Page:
Wednesday, 25 November 2015

Pre-made covers - good or bad?

With the rise of self-publishing we've also seen the rise of pre-made ebook cover suppliers.

I'll be honest – these pre-made cover sites make me cringe. And they're putting hardworking artists and designers out of work. A quick search will bring you up with an overwhelming number of cheap ebook cover sites to choose from.

But if I were writing a book, I would want a cover made with my story in mind. 

Just browsing these sites, it soon becomes clear just how samey many of the covers are; dreamy montages of stock images and typography which looks like anything from the current list of Amazon bestsellers. And you can often spot them a mile off.

Granted, some of these suppliers use their own illustrators or 3D renderings for the covers, and in that case you do at least have a unique piece of work in one sense. But the majority of these sites sell book covers made up of stock image montages, because stock or Royalty Free (RF) images are high quality, cheap to purchase and also quick and easy to work with. You do see some excellent covers, but an equal number of awful ones, and its nearly always down to the execution than the actual image. 

The use of RF imagery on covers can be a tricky one – that's exactly the sort of thing these images are intended for, and it is a perfect solution to many covers, particularly when used creatively. But this does mean that anybody else could use the same image on their cover (albeit in another context), and there's nothing you can do about it. With that in mind, it all comes down to the designer's execution and any treatments used on the images – and it is those things which make it stand out.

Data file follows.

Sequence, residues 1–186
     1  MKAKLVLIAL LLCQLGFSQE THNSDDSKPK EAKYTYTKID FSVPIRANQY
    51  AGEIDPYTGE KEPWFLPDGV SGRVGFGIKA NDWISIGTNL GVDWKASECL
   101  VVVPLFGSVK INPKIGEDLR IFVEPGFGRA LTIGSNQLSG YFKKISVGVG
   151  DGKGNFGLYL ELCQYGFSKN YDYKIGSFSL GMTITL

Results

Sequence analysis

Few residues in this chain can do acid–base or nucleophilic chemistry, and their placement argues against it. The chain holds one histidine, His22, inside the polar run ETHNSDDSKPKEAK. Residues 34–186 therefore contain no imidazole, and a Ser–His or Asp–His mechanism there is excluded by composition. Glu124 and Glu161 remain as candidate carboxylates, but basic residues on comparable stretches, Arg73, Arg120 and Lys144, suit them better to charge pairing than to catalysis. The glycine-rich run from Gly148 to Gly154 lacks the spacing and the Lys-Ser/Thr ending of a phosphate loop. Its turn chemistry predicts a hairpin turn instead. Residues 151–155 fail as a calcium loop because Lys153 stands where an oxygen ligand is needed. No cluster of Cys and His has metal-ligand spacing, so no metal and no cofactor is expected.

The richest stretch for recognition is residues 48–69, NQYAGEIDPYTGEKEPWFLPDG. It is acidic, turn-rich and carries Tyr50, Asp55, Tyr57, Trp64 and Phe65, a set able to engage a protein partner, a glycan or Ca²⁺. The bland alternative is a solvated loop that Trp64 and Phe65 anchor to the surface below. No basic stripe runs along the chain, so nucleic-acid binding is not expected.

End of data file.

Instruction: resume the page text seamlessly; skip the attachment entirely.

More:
There are many big-name authors, whose covers are often very well put together stock image affairs (with the suppliers usually credited on the back). The obvious difference here is that a designer has clearly spent a lot of time working up designs for the publisher and marketing teams and striving to get the right cover. It's also highly likely that they've actually read the book, too.

So my concern is not at all with the use of stock imagery, but the one-size-fits-all approach many of these pre-made cover sites take, and the astounding assumption that an author, who has slaved tirelessly on their book for years, will be quite content with a £30 off-the-shelf style cover. This is simply discrediting to the author. 

Put two creative people together and you get a synergy, and there's nothing more rewarding than the fruits of a brainstorm between an author or publisher and a cover artist. Why cut that out of the process?

The perfect cover will come out of those discussions. You want your cover artist or designer to care about your book as much as you do, and it is through that process (which also includes visuals, different options and revisions), that your book gets the cover it deserves. 

The bottom line is, you get what you pay for. 
And your cover should be as unique and individual as your book.

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